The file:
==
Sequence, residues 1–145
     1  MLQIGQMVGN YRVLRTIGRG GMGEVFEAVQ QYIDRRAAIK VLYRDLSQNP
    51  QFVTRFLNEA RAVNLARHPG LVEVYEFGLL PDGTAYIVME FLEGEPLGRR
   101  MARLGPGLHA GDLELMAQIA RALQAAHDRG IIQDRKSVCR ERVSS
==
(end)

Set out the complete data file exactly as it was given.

Sequence, residues 1–145
     1  MLQIGQMVGN YRVLRTIGRG GMGEVFEAVQ QYIDRRAAIK VLYRDLSQNP
    51  QFVTRFLNEA RAVNLARHPG LVEVYEFGLL PDGTAYIVME FLEGEPLGRR
   101  MARLGPGLHA GDLELMAQIA RALQAAHDRG IIQDRKSVCR ERVSS